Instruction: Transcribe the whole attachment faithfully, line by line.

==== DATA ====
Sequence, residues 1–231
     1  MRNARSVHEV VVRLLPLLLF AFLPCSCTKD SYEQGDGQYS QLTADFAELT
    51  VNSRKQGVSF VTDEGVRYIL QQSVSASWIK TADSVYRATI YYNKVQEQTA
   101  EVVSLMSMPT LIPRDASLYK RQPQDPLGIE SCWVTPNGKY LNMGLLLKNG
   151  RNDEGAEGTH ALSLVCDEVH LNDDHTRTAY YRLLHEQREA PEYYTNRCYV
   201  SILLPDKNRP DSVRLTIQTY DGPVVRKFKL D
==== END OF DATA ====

Sequence, residues 1–231
     1  MRNARSVHEV VVRLLPLLLF AFLPCSCTKD SYEQGDGQYS QLTADFAELT
    51  VNSRKQGVSF VTDEGVRYIL QQSVSASWIK TADSVYRATI YYNKVQEQTA
   101  EVVSLMSMPT LIPRDASLYK RQPQDPLGIE SCWVTPNGKY LNMGLLLKNG
   151  RNDEGAEGTH ALSLVCDEVH LNDDHTRTAY YRLLHEQREA PEYYTNRCYV
   201  SILLPDKNRP DSVRLTIQTY DGPVVRKFKL D